GoogleTranslate Service


Reviews, quality and the development of communities of practice in academic networks

February 27th, 2010 by Graham Attwell

I have just spent the morning reviewing proposals for the Vocational education and Training Network strand at the European Conference for Educational Research.

I have never enjoyed reviewing papers. I worry that my own knowledge of the subject is often too little, still more that I only have an abstract idea of what comprises quality.

However, as a community building process, I find it more interesting. I haver been involved with VETNET for fourteen years. In the early days nearly everything used to be accepted. But as time went on a discussion emerged over improving the quality of VETNET and a formal review procedure was developed.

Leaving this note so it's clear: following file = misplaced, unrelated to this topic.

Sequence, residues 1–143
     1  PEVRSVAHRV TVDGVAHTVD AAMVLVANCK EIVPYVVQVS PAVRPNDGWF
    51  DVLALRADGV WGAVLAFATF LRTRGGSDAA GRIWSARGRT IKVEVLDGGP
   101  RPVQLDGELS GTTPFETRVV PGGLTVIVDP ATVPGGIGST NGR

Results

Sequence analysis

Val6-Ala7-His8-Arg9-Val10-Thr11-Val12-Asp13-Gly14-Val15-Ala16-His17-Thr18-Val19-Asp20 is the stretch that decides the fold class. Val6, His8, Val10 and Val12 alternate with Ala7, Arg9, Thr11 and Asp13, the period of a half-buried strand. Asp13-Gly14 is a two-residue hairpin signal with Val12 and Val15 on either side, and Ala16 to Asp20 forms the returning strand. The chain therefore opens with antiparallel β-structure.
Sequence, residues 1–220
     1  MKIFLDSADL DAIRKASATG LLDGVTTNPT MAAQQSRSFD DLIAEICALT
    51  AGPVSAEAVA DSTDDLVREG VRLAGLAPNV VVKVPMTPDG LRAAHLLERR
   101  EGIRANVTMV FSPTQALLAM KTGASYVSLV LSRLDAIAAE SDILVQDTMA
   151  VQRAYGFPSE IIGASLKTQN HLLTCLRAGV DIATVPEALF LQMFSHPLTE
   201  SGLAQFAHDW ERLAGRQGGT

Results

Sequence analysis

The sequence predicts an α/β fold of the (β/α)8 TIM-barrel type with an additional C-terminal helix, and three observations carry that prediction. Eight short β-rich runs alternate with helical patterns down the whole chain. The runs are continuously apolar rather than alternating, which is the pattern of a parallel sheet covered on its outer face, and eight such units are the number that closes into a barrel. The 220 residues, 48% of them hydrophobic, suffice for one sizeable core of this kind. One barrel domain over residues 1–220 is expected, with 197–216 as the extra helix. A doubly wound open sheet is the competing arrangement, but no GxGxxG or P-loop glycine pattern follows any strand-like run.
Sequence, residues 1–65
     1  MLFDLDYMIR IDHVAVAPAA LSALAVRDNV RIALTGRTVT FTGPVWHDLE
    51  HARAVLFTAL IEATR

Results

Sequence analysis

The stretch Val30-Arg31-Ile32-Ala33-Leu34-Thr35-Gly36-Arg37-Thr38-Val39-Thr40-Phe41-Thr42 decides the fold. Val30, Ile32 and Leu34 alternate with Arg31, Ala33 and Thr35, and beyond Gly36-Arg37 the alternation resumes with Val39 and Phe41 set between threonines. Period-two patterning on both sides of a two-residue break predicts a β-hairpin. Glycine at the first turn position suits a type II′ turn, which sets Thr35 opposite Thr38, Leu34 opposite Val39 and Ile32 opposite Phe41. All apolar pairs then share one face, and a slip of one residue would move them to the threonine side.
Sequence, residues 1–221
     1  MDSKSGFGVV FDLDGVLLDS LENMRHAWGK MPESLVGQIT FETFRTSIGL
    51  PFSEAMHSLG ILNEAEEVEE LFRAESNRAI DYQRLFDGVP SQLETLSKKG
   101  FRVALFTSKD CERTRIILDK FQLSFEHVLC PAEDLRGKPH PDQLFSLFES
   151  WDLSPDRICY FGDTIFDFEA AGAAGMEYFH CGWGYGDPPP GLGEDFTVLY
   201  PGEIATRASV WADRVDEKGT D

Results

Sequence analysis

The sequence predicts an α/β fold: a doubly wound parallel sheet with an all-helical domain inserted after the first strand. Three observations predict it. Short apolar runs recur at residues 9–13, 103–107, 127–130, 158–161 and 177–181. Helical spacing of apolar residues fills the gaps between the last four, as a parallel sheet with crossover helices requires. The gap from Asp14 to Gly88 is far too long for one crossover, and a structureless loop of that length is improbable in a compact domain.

VETNET remains a somewhat traditional academic conference with paper and sumposium presentations. I suspect that the community’s desire for Vocational Education and Training to be taken seriously as a part of mainstream education research has tended to make us somewhat conservative in our approaches to formats and quality.

Over time as a community we have started defining quality indicators – even though they may be contested. We have had long debates about the relation between research focused on a particular system or country and its relation to wider European agendas. We have discussed how important the quality of language (English) is in assessing a contribution? Should leeway be given to emerging researchers to encourage them to contribute to the community? How important is a clear methodology when considering a submission?